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soft water and required inhibitors. If the engine is to be exposed to freezing temperatures, install genuine Detroit Diesel Power Cool antifreeze or an equivalent ethylene glycol-base or propylene glycol-base antifreeze solution which provides required freeze, boil over, and inhibitor protection. Refer to section How to Select Coolant. 9. Install and connect the battery. Make sure the average specific gravity of the battery is 1.260 or higher. Charge the battery, if necessary. 10. Service the air cleaner, if required. 11. Transmission: Follow the manufacturer's recommendations covering the return of the transmission to service. 12. Power Take-Off: If equipped, follow the manufacturer's recommendations covering the return of the power take-off to service. 13. Turbocharger: Remove the covers from the turbocharger air inlet and turbine outlet connections. Reconnect piping as required. Prelube the turbocharger center bearing housing. Refer to Lubrication System Checks in the OPERATING INSTRUCTIONS

FOR STARTING THE ENGINE section of this guide.

ENGINE EXHAUST To avoid injury from inhaling engine exhaust, always operate the engine in a well-ventilated area. Engine exhaust is toxic.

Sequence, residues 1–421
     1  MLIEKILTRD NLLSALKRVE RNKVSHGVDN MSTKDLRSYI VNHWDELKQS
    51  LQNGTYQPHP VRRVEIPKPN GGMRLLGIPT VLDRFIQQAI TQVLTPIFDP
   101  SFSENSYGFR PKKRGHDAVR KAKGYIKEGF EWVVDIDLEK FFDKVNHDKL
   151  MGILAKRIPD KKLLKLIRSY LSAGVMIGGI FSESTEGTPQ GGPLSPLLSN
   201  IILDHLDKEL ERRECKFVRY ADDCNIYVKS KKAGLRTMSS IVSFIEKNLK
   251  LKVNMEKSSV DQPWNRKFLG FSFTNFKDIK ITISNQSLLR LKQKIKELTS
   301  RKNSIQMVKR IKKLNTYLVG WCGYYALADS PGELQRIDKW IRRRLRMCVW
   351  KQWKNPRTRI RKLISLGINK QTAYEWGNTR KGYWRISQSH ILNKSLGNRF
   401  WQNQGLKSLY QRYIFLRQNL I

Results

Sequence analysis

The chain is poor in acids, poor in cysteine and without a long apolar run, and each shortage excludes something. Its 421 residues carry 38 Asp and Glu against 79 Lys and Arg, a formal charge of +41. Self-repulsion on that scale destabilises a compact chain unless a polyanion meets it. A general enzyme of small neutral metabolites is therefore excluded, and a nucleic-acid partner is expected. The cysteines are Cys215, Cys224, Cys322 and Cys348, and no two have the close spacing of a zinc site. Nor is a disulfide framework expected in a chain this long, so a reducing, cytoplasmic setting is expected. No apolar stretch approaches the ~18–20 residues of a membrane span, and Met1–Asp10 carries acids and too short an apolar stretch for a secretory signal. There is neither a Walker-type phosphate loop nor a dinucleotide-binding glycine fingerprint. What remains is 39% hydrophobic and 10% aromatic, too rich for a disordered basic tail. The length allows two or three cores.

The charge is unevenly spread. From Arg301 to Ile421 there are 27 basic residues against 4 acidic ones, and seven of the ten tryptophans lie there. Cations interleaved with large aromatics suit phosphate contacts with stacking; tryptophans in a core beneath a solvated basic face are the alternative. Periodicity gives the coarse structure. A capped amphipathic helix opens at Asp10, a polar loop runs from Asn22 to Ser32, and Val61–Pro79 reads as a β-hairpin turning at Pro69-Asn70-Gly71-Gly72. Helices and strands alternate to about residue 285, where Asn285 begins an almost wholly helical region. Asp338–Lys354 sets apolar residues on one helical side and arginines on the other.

14. After all preparations are completed, start the engine.
NOTE: The small amount of rust preventive which remains in the fuel system will cause smoky exhaust for a few minutes. NOTE: Before subjecting the engine to a load or high speed, allow it to reach normal operating temperature.

15. Check for trouble codes. [a] If there are no codes, perform a parked regeneration. [b] If there are codes, repair what is necessary then perform a parked regeneration.

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CUSTOMER ASSISTANCE

CUSTOMER ASSISTANCE
The satisfaction and goodwill of the owners of Detroit Diesel engines are of primary concern to Detroit Diesel and its distributor/dealer organizations. See Figure 37 for Detroit Diesel NAFTA On-Highway service regions.

Figure 37

Detroit Diesel NAFTA On-Highway Service Regions

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NAFTA ON-HIGHWAY SERVICE REGIONS